The Raw Rhubarb Daiquiri


You can taste great food in your head long after you first experience it. That’s the case for me and the rhubarb cocktail I drank at Franny’s in 2009. Most rhubarb drinks have a cooked quality to them; the rhubarb is generally poached in a sugar syrup. The Franny’s rhubarb drink (which, apparently, is made with Aperol) is nothing like that. The rhubarb flavor (which comes from juicing rhubarb raw) is intense and sharp and the cocktail, as a whole, is incredibly bracing. It’s the kind of drink that makes you sit up in your seat, alert and ready for dinner.

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The French 75


When my friends Patty and Lauren came over for dinner last week, they brought the ingredients to make a cocktail. One of those ingredients–a simple syrup–spilled all over Patty’s bag in transit, but let’s not focus on that. Instead, let’s focus on the e-mail exchange that I had with Patty yesterday about the drink that she made.

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A Scotch Tasting


Downstairs from our apartment, we have two friends who have their own apartments. These friends are Rob (who you’ve met before) and Ameer (who you’ve also met). Rob is a cardiologist, Ameer works in advertising. The two of them recently invited Craig and I and several other people to a Scotch tasting at Rob’s apartment because, well, they love Scotch.

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Frosty Banana Berry Smoothie


College is for experimenting, right? We know all about your gay make-out session and that time you tried to smoke catnip. When I was in college, I’d experiment with smoothies. I’d go to Smoothie King, right there in Emory Village (because I went to Emory, see) and order a Caribbean Way which was 5 squirts of this and 4 squirts of that and, if I wanted, a shot of protein powder. Then came Jamba Juice with a few more squirts of this and that and some other strange powders and I was hooked. Only, I always thought two things while consuming these smoothies: (1) what kind of junk is in this drink I’m drinking? and (2) Why is it so expensive?

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Homemade Ginger Ale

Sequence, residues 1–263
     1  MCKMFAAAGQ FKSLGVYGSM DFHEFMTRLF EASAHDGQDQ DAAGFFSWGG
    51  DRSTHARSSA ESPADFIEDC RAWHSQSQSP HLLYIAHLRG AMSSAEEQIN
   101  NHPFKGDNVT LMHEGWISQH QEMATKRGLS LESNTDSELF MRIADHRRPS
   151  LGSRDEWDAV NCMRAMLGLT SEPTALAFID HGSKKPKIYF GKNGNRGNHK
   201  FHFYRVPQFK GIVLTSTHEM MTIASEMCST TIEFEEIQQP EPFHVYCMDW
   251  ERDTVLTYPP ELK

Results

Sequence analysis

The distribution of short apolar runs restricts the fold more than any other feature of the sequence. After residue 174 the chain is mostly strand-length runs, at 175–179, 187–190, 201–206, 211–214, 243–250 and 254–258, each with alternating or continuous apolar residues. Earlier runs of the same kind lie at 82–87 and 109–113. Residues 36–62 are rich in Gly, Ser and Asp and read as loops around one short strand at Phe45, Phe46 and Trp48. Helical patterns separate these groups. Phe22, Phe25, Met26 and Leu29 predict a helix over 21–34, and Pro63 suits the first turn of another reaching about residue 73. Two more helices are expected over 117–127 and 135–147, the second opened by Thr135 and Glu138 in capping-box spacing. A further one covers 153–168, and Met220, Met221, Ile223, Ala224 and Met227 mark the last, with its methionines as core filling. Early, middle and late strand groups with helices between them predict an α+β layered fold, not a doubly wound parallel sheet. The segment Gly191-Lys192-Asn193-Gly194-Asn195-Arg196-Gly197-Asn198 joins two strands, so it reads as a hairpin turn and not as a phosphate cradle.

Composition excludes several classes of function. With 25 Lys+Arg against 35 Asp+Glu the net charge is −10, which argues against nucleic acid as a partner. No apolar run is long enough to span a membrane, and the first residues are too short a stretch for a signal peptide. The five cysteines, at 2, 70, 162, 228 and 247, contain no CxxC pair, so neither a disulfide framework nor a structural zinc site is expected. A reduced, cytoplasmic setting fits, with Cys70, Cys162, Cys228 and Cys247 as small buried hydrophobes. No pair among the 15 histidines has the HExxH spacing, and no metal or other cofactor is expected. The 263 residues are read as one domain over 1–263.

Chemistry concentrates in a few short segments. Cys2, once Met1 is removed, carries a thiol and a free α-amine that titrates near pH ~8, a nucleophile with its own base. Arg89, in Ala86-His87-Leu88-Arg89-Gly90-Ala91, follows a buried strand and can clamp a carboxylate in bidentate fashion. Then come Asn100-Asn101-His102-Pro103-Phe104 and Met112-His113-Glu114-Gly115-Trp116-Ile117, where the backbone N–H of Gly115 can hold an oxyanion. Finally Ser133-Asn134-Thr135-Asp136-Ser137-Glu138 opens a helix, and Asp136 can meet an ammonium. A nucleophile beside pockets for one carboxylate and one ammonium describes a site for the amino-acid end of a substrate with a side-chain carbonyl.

On a Sunday afternoon, lounging around my apartment watching “Terms of Endearment” on HBO, inspiration suddenly strikes and I am compelled to make ginger ale from scratch.

It would take a team of behavior specialists and Debra Winger fans to analyze this phenomenon, but suffice it to say: I was hot and I had ginger. I recalled a recipe for homemade Ginger Ale in Jean-George’s book “Cooking At Home with a Four-Star Chef”, so I tore myself away from Aurora Greenway and studied the recipe.

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Your Drink


So I was watching “Groundhog Day” for a bit on TV last night and there’s that scene where Bill Murray is trying to seduce Andie MacDowell in a bar. He memorizes facts about her so that when the day happens again, he can win her heart. One of these facts happens to be what drink she likes: sweet vermouth on the rocks. When he orders that for himself the second time around, she says, “That’s my favorite drink.”

My regular drink isn’t so singular: it’s a Tanqueray and Tonic. I stole the drink from my dad and now it’s what I order when I go out. Would I be seduced if Bill Murray crept up next to me and ordered a Tanqueray and Tonic? Probably not. I’d be more impressed if he sang a song from Pippin.

This begs the question, though, reader: what’s YOUR drink? How did it become your drink? How important is your drink to you? The Bill Murrays of the world want to know.